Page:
Journey to the bottom of the sea
Giant, underwater mountains under the sea are to be explored by scientists to study species on the seabed and understand the impacts of deep-sea fishing on wildlife.
Marine scientists will spend six weeks on a marine trip to examine the seamounts of the south west Indian Ocean Ridge, said the International Union for the Conservation of Nature..
Seamounts are mountains that rise to at least 1,000 metres above the sea floor.
They contain a rich array of wildlife because of their interactions with underwater currents and attract deep sea species such as sharks which feed on creatures there.
A similar expedition in 2009 resulted in the first comprehensive survey of marine life above seamounts, and the discovery of a new species of squid.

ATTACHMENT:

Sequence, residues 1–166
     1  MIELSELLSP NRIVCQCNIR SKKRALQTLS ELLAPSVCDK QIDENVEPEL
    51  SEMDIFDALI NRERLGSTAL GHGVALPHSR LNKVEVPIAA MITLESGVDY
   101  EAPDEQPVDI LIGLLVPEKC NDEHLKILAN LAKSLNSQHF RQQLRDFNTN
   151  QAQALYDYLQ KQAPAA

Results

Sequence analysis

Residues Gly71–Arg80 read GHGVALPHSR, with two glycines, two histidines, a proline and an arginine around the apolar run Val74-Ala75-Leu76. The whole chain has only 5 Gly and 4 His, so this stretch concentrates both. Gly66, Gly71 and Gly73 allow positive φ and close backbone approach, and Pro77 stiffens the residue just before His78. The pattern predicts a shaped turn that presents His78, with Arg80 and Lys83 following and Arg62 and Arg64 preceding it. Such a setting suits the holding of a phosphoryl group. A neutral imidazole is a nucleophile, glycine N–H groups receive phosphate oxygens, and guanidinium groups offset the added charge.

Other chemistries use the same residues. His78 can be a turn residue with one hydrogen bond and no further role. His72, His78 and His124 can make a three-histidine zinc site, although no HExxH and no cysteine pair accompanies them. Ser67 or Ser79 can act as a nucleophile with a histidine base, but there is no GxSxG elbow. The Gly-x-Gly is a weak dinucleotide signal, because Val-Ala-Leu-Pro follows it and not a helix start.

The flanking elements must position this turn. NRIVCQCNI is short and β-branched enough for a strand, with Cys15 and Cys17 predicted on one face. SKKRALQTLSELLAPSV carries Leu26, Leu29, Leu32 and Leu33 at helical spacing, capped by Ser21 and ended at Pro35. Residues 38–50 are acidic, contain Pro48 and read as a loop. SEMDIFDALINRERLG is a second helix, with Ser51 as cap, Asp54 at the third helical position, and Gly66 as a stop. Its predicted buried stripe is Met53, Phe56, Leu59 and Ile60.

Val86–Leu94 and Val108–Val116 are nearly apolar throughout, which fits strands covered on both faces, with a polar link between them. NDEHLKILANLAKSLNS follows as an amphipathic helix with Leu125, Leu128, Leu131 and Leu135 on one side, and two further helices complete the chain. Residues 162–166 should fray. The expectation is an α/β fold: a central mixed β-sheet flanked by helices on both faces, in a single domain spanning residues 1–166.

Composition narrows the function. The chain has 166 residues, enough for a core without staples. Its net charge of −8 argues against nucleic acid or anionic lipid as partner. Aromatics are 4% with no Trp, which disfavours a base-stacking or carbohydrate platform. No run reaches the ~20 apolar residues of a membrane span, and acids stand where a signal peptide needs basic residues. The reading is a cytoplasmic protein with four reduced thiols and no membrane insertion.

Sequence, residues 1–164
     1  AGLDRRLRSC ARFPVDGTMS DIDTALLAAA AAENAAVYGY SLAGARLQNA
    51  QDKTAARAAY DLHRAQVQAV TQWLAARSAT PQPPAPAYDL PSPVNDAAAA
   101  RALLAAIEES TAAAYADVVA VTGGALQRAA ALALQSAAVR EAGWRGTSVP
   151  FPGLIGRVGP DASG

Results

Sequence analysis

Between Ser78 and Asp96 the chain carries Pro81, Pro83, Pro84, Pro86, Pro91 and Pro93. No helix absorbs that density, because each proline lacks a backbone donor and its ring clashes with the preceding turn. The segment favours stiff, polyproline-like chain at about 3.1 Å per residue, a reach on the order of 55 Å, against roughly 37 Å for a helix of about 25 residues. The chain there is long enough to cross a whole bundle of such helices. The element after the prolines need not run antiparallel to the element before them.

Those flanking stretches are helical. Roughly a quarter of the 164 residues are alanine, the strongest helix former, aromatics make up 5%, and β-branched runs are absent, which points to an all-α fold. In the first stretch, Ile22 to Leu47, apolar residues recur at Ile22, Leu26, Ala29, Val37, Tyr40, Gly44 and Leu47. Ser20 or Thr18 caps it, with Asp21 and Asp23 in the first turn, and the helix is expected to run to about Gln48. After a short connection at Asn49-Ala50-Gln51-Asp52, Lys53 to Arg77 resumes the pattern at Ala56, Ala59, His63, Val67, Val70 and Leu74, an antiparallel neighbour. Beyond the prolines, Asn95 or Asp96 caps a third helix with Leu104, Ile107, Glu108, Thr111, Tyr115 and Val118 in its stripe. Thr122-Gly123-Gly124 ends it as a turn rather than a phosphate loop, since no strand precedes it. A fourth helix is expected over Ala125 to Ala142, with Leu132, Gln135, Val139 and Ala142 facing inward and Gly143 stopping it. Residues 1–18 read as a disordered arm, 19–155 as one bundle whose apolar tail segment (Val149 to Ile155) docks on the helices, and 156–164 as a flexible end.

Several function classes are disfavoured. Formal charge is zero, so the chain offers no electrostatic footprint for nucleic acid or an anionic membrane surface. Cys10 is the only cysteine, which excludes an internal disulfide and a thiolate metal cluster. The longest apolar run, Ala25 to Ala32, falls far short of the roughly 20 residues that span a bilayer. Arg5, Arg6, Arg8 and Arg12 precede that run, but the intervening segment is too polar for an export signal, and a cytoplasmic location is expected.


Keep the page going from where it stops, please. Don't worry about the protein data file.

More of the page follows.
This trip will focus on marine life near the bottom of the ocean.
Carl Gustaf Lundin, director of IUCN’s global marine and polar programme, said: “The limited knowledge of species associated with seamounts that we have today indicates that many of them grow and reproduce slowly, which makes them particularly vulnerable to over-exploitation.
“Deep sea bottom fisheries, including bottom trawling, can damage seamount habitats and negatively impact fish stocks. It can also irreversibly damage cold water corals, sponges and other animals.”